The US Supreme Court ruled unanimously on Monday on an immigrant status case regarding noncitizens seeking to change their immigration status from temporary protected status (TPS) to lawful permanent residency. The court decided that noncitizens with temporary humanitarian relief from deportation cannot partake in the “adjustment of status” process to obtain lawful permanent residency in the US without leaving the country.
This case involves Jose Sanchez and Sonia Gonzalez, who entered the US illegally in the 1990s. During this time, both Sanchez and Gonzalez were granted TPS in 2001 as El Salvador, their origin country, was experiencing numerous destructive earthquakes.
Both Sanchez and Gonzalez were granted lawful permanent residency through Sanchez’s employer filing an immigration-visa petition for Sanchez. Although this status was approved and granted, both Gonzalez and Sanchez were not inspected at the border at the time they entered the US, which is a requirement for one to go through the adjustment of status process, as ruled in Sanchez v. Mayorkas. The government relied on the text of Immigration and Nationality Act Section 1255(a), which restricts the in-country adjustment-of-status process to noncitizens who were “inspected and admitted or paroled into the United States.”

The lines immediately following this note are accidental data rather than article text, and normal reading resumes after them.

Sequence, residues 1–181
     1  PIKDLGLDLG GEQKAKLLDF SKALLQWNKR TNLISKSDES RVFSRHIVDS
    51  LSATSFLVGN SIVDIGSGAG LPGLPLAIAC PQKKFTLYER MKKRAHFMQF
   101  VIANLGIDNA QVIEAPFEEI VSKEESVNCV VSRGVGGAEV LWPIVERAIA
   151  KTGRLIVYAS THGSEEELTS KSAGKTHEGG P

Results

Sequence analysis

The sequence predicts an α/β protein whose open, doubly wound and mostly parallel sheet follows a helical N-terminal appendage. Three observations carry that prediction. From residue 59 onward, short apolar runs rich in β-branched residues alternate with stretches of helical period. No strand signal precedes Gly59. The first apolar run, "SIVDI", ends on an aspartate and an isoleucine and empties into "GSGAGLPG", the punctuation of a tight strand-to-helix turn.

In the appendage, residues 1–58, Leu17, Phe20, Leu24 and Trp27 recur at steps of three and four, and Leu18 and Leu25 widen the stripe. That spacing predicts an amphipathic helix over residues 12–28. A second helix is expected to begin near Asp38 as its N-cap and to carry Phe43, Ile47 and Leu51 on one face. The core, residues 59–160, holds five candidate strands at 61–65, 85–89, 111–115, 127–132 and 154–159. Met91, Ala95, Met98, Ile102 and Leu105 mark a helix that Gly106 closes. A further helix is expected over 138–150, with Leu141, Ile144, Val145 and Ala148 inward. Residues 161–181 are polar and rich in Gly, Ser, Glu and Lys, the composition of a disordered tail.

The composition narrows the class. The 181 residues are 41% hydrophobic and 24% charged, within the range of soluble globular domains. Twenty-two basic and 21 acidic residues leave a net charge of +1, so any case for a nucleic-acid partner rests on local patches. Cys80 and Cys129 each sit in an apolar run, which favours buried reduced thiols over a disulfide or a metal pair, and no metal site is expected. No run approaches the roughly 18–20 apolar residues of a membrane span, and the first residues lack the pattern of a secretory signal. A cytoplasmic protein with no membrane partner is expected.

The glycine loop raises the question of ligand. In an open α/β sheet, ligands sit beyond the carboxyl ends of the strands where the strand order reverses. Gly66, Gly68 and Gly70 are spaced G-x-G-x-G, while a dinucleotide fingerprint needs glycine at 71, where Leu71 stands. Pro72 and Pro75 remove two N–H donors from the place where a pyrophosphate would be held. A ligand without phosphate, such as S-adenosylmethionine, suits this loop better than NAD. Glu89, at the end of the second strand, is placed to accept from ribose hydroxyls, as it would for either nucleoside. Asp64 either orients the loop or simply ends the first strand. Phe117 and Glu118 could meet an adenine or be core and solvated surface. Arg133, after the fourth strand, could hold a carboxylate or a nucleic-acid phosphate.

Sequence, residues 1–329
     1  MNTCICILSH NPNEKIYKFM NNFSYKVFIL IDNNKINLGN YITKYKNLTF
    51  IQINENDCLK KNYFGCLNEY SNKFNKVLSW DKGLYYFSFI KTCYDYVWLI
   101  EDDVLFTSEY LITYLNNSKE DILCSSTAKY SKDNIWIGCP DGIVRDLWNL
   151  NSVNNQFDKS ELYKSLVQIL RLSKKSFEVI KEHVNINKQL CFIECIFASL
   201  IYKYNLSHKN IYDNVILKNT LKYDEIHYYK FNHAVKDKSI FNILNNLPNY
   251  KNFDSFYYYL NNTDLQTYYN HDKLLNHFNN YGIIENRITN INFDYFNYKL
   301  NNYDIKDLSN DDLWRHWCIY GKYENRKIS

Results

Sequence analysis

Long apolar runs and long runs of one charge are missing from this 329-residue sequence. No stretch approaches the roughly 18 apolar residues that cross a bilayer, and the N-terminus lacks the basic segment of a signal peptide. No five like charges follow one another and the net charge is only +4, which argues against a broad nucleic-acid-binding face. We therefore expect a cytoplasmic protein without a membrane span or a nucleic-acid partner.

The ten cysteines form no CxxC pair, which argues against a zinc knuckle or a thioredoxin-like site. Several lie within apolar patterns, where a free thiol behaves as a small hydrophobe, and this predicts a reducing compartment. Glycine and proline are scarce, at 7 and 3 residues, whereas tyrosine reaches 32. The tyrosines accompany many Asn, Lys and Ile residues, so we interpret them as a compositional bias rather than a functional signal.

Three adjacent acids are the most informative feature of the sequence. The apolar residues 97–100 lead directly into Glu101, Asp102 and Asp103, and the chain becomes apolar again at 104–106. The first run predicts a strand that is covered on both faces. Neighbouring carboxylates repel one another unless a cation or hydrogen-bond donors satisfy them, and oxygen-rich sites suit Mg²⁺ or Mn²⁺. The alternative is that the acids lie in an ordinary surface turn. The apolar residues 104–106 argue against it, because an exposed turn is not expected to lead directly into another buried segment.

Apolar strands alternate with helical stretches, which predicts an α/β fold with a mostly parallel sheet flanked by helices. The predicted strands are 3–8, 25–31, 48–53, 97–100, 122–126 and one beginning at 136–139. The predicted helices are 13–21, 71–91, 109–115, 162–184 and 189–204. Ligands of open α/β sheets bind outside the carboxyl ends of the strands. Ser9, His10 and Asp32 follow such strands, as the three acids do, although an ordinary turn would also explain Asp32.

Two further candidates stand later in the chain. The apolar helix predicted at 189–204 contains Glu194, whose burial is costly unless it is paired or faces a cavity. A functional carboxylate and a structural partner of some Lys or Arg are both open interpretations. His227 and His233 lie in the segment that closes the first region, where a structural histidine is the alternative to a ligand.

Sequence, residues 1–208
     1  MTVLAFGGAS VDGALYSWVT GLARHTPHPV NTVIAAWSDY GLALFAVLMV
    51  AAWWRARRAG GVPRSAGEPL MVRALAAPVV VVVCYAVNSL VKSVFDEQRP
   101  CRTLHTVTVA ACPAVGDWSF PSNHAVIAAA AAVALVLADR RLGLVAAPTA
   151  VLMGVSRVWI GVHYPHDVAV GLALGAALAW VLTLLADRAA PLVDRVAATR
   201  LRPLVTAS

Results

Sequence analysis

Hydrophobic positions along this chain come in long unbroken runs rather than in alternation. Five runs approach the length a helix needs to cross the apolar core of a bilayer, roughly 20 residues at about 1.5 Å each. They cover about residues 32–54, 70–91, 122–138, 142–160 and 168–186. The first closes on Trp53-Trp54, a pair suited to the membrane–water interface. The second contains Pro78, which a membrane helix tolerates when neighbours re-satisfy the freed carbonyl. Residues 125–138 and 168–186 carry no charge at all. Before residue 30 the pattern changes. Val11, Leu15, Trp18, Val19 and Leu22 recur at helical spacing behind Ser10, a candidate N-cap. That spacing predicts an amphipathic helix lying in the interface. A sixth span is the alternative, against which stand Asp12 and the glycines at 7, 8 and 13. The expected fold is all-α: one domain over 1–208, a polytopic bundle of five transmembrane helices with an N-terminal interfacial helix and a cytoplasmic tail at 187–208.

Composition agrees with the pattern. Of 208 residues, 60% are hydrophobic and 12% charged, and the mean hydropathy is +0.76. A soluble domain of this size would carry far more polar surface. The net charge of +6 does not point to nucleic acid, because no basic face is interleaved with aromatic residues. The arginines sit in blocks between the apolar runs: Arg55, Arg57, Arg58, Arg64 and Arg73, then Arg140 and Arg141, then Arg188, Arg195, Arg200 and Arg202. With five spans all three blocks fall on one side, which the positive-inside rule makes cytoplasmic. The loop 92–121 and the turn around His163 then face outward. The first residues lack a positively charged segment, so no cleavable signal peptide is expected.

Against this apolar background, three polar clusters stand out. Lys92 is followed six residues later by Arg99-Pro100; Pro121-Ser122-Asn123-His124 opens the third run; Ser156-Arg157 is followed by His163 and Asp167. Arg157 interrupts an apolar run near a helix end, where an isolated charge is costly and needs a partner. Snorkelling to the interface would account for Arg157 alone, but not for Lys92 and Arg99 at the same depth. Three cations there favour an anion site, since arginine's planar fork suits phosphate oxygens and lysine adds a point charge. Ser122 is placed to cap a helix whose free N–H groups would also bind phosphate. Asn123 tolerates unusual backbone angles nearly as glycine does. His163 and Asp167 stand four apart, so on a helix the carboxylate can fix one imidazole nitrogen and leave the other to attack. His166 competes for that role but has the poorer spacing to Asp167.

The court ruled in favor of the government and rejected Sanchez and Gonzalez’s claim that the TPS statute included a provision making TPS holders eligible for adjustment of status, under Section 1254a(f)(4).